The reclusive imam whose crumbling political marriage of convenience with Turkish Prime Minister Recep Tayyip Erdogan has threatened the stability of the West’s biggest ally in a turbulent region lashed out Monday at his one-time partner, the strongest sign yet of an irreparable split.
In comments he made to The Wall Street Journal, Fethullah Gulen, a charismatic cleric who preaches a message of tolerance to his millions of followers from his self-imposed exile in Pennsylvania’s Pocono Mountains, accused Mr. Erdogan of abandoning the path of reform after more than a decade in power.
The Gulen movement says that it runs more than 2000 educational premises, including charter schools, university departments, language centers and religious courses, in 160 countries.
“Turkish people…are upset that in the last two years democratic progress is now being reversed,” Mr. Gulen said in emailed answers to questions—his first such exchange since a corruption probe plunged Mr. Erdogan’s government into crisis last month.
“Purges based on ideology, sympathy or world views was a practice of the past that the present ruling party promised to stop,” he wrote.
Mr. Gulen hinted that his movement—known internally as Hizmet, which means service, and externally as Cemaat, which means congregation—would like to see a challenge to Mr. Erdogan’s Islamist-leaning Justice and Development Party, or AKP.
He didn’t rule out members of his flock shifting their support to the opposition Republican People’s Party—Mr. Erdogan’s secularist nemesis, which was established by modern Turkey’s founder, Mustafa Kemal Atatürk. Delegations from the two sides met in New York in early December, but no announcements resulted.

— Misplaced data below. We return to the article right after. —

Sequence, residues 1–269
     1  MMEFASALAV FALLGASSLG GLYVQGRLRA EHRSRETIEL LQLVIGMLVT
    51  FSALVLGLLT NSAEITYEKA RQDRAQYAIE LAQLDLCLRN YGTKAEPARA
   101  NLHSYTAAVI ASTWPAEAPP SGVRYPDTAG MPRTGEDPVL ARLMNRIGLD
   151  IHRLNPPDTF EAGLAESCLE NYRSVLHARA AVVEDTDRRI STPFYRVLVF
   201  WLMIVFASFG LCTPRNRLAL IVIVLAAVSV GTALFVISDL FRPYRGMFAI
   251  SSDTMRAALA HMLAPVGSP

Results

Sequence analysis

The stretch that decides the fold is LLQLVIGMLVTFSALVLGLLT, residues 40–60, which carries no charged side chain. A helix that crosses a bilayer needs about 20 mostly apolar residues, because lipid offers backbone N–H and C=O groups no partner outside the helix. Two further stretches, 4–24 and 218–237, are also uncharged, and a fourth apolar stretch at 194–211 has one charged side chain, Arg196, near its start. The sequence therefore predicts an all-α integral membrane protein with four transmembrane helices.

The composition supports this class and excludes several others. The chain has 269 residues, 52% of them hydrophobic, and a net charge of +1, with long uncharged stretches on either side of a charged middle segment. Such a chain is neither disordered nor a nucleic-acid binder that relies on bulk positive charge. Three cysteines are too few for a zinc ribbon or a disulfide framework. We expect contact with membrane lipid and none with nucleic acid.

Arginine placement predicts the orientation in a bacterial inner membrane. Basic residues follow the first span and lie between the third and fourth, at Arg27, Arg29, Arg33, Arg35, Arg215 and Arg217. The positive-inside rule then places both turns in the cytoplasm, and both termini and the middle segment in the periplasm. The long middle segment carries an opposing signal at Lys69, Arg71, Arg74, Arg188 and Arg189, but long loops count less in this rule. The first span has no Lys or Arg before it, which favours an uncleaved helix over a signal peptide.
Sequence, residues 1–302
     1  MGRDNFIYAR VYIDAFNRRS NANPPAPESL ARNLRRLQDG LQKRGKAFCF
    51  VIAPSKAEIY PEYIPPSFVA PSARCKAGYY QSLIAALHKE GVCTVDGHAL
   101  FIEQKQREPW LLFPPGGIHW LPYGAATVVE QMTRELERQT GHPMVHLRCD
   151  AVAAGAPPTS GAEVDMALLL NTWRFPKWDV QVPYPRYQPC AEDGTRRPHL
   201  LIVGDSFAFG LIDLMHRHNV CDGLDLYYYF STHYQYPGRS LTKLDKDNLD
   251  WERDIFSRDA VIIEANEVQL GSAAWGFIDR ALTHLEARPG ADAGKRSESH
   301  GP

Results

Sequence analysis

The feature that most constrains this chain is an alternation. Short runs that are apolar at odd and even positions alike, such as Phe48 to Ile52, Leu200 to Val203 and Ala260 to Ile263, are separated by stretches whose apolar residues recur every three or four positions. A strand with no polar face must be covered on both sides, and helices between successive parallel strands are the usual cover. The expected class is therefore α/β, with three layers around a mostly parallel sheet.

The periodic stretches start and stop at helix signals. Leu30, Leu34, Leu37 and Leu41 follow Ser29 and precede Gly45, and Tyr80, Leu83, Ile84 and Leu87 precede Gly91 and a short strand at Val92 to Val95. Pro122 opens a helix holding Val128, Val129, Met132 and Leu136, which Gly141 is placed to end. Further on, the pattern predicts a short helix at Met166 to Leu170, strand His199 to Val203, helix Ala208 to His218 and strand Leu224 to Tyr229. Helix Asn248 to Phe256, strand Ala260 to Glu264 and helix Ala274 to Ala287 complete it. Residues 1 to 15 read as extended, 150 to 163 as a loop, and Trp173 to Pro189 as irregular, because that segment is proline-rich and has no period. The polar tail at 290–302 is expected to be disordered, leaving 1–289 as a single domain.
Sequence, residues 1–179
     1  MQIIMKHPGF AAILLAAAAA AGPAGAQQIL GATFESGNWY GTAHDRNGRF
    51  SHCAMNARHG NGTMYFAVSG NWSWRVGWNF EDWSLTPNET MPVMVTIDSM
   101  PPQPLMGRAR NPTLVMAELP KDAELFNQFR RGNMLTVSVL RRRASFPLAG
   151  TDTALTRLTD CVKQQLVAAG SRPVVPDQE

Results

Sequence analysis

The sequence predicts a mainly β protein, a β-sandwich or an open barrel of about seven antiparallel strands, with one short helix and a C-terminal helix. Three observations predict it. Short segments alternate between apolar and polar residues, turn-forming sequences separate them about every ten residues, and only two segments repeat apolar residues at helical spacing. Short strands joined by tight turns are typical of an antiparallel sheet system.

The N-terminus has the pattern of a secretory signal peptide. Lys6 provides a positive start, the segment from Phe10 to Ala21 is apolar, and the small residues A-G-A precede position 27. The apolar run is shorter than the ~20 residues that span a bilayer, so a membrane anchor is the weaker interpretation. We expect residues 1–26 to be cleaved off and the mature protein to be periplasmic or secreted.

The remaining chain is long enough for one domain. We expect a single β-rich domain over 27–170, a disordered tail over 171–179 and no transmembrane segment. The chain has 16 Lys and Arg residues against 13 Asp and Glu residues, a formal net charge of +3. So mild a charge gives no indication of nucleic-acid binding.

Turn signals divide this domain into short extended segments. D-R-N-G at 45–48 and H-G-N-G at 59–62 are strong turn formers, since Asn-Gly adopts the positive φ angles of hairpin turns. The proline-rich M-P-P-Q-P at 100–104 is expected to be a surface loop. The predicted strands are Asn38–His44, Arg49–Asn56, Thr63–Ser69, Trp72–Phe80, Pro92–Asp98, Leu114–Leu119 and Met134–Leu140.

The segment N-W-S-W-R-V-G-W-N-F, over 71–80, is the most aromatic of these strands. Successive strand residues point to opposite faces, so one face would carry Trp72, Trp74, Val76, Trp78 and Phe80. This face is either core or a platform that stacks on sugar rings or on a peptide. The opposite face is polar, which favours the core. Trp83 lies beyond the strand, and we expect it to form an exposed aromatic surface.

“When the opportunities come, Cemaat participants, just like any other citizen will make their choices based on their values,” the cleric said in the interview. “It is possible that people who share core values will make choices along the same lines.”
Mr. Gulen’s move appears to represent an unraveling of the broad, Islamist-rooted coalition that has governed Turkey since 2002—a decade during which the economy boomed, living standards rose and Ankara’s international influence grew.
Mr. Erdogan ushered in a rare period of stability for Turkey, reining in the military and pursuing membership in the European Union. The country was often cited as a model of how Western-style democracy could flourish in the Muslim world.
As the only majority Muslim member of the North Atlantic Treaty Organization, with the largest land force after the U.S., Turkey also has acted as a bridgehead for Washington to retain influence as it scales back the U.S. military presence.
Now as Turkey approaches a series of elections, starting in March, that could set its political direction for the next decade, Mr. Erdogan has suddenly found himself in the midst of a corruption scandal that has ensnared dozens of his political allies.
He accuses Gulenists in the police and judiciary of trying to force him from power and creating what he calls a “parallel state” within the bureaucracy.